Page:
Papyrus has been cited as a potential feedstock for small-scale green biorefinery processes adapted to African conditions. This kind of process could yield a fibre-rich press cake for combustion and a protein-rich green juice suitable for animal fodder or human consumption (Jones et al., 2018; Bruins et al., 2012).


Cyperus papyrus occurs naturally in tropical and subtropical areas from sea level up to 2500 m altitude, in swamps and along the margins of lakes and rivers. It is usually anchored by its rhizome in shallow water. In deeper water, it is the chief compoent of floating vegetation islands moved by the wind. Papyrus does not withstand seasonal flooding regimes exceeding 3–4 m in amplitude, flash flooding or very low water levels during the dry season (Popay, 2014, Vaughan, 2011). Papyrus-dominated swamps are the most common type of freshwater wetland in East and Central Africa. They occur around lakes, as headwater swamps, in valley bottoms, and as large floodplain wetlands (Rooney, 2013). In East Africa, papyrus wetlands were estimated to cover about 40,000 km2 in 1992, though that surface may be decreasing due to agricultural encroachment and economic development (Jones et al., 2018). Near Lake Victoria, in Uganda, papyrus was reported to be sensitive to alum sludge discharges of a water treatment plant (Vaughan, 2011).

Forage management 


Papyrus follows the C4 phtotosynthetical pathway and has one of the the highest recorded productivity for natural ecosystems. The net primary production of a papyrus swamp was calculated to be 62.8 t/ha/year of DM, divided into 33 t/ha/year of above ground DM and 29.8 t/ha/year of below ground DM (Jones et al., 1997).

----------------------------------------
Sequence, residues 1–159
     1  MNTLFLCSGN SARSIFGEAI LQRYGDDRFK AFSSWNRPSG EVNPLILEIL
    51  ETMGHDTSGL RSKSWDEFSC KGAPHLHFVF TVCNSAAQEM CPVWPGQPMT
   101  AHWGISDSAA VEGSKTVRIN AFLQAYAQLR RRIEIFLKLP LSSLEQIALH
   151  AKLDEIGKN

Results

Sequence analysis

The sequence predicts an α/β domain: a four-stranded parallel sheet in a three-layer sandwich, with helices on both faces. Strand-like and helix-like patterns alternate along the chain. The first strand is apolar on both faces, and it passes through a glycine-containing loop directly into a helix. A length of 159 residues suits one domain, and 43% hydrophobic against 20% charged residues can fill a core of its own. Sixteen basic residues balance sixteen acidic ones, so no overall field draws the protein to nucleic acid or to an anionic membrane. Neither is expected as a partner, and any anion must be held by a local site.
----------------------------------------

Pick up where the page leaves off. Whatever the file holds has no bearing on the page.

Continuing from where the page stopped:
Environmental impact 

Carbon sequestration

Papyrus is a year-round, fast growing species that uses large amounts of nutrients and accumulates high biomass. The peat serves as a carbon sink while submerged, and annual carbon sequestration by a papyrus swamp was estimated at 5-16 t/ha. However, when water level decreases during the dry season, the peat rapidly decomposes and oxidizes, releasing CO(Vaughan, 2011).

Domestic and wildlife habitat

Papyrus swamps are a biodiversity reserves. The provide nesting for mammals such as the swamp-dwelling sitatunga antelope (Tragelaphus speckii), fish such as catfish (Clarius spp.) and lungfish (Protopterus aethiopicus) and in some areas, introduced Louisiana crayfish (Procambarus clarkii) (MacLean et al., 2011).

Water quality improver

Papyrus produces high amount of biomass and effectively removes N and P from wastewater and eutrophic pond water. Papyrus swamps serve as natural filters of sediment and pollutants and as shore stabilizers. This nutrient and pollutant-removal action can be exploited in waste-treatment ditches or constructed wetlands (Vaughan, 2011). Papyrus swamps have also been reported to improve drinking water quality via the retention of fecal coliforms and their associated pathogens (MacLean et al., 2011).

Water flow

Papyrus swamps limit evaporation of water and regulate flooding risk during high rainfall season (MacLean et al., 2011). However, papyrus is sometimes seen as a nuisance, as it forms floating islands that obstruct navigation and water flow (Vaughan, 2011).

Nutritional aspects
Nutritional attributes 

Cyperus papyrus has a relatively low nutritive value, though this value depends largely on the part and age of the plant. Protein content ranging from 4% or more than 15% DM has been reported. The fibre content can be quite high (ADF > 35% DM). A comparison of the composition of umbels and culms during the plant life cycle showed that young umbels had a protein content of 11% DM while scenescent ones contained less then 6% DM of protein. Culms had a very low protein content, from 4% when young to 2% when old (Muthuri et al., 1989).

Potential constraints 

Heavy metal accumulation

Cyperus papyrus is a heavy metal accumulator. For instance, papyrus growing in river banks in a urban area in Mwanza, Tanzania, contained twice the amount of lead (8.16 vs 4 mg/kg) accepted by the Joint FAO/WHO committee on food additives (Komwihangilo et al., 2011).

Toxins and antinutritional factors